Where are the great?

(Denver Post, Dec. 2) Midgets everywhere. Rappers, starlets, shrinks, scolds, facilitators, litigators, hustlers, hucksters, victims, vegans. Ours is the age of the shallow, the small, the squalid. Where are the great? “There were giants in the earth in those days,” says Genesis. Granted, every era magnifies the memory of bygone times. But what now passes for excellence in manhood and womanhood, thought and expression, moral and civic life, would make our grandparents shake their heads. For a third of a century we’ve lived in a house I call Marcus Bend, after my mother’s father, who helped buy it. I’m here surrounded with books and mementoes as the old year wanes, sobered by Christmas clamor, candidate noise and war news, wondering and worrying: Where are the great?

Stacked on the desk are “From Dawn to Decadence” by Jacques Barzun, “America: The Last Best Hope” by William Bennett, “The Abolition of Man” by C.S. Lewis, Winston Churchill’s memoir “My Early Life,” an FDR biography by Conrad Black, books on Chesterton and John Paul II, “The Western Canon” by Harold Bloom, Alexander Solzhenitsyn’s “Ivan Denisovich” and his Harvard address. Collectively they look upon 2007 and frown.

The scholarly Barzun, who turned 100 last week, is a great man of our time and a worthy judge of greatness. His book, a history of civilization from 1500 to the present, warns of today’s “urge to build a wall against the past…a revulsion from things in the present that seem a curse from our forebears.”

He writes of the 20th century as a time when elements that “made the nation-state the carrier of civilization… a common language, a core of historical memories with heroes and villains, compulsory public schooling and military service… were decaying and could not be restored.” He hopes for a 22nd century when boredom may stir new “radicals” to study afresh the old texts, “the record of a fuller life,” from which the West then rediscovers “what a joy it is to be alive.” Of the present century Jacques Barzun is less hopeful.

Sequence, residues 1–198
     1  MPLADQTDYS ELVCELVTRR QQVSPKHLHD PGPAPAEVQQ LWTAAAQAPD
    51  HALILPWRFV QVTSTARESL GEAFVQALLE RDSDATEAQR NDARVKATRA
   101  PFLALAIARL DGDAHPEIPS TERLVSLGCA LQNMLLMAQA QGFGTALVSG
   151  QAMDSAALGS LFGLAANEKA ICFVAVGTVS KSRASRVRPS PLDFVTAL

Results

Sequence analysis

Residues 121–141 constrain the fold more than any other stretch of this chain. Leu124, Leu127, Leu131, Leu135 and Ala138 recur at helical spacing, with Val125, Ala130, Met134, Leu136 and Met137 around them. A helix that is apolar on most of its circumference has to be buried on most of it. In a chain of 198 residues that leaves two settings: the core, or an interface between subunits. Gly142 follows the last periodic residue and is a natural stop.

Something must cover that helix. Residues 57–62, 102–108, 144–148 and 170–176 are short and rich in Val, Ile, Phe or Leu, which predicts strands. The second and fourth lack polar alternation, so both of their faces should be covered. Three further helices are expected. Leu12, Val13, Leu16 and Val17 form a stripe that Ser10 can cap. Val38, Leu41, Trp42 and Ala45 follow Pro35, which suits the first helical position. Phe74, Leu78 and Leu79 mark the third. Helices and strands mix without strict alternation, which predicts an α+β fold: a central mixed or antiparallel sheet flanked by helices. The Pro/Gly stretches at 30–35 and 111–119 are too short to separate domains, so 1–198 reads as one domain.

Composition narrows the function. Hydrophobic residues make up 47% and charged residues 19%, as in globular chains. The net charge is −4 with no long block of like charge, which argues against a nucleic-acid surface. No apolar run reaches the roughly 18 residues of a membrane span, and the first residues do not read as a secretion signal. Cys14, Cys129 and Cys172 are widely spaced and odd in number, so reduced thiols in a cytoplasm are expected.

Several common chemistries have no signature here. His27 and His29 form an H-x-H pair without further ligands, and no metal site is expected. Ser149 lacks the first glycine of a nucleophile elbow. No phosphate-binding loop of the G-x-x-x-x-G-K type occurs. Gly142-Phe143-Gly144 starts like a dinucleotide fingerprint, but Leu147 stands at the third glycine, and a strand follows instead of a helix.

By what sickness of the soul could America and other nations blessed with the heritage of Jerusalem, Athens, Rome, London, and Philadelphia come to see all of this as “a curse from our forebears?” Solzhenitsyn, another contemporary great, gives the diagnosis:

“The West has finally achieved the rights of man, and even excess, but man’s sense of responsibility to God and society has grown dimmer and dimmer…. All the celebrated technological achievements of progress do not redeem the 20th century’s moral poverty.” It is not true, insists the Russian giant, that “man is above everything.” Nor is it right that “man’s life and society’s activities should be ruled by material expansion above all.”

Courage, faith, integrity, and honor, ordinary virtues harnessed to extraordinary gifts, constitute human greatness or the potential for it. Guy McBride, retired president of the Colorado School of Mines, and Vernon Grounds, retired president of Denver Seminary, have that heroic stature with me. Some of those books I’ve found so inspiring, by or about the great, reached me through them.

Great souls ennoble our world in big and little ways. Think of the late Bill Hosokawa of the Denver Post, or former Sen. Bill Armstrong. Is there a touch of that in Peter Groff, recently chosen as Colorado Senate President? We’ll see.

Over the centuries, nations flourish and fade in a cycle, the Scots philosopher Alexander Tytler is supposed to have said. Out of bondage come faith and courage, then liberty and abundance. But when these breed complacency and apathy, dependence ensues and bondage returns. If this sounds like an American self-portrait, we need to value greatness more.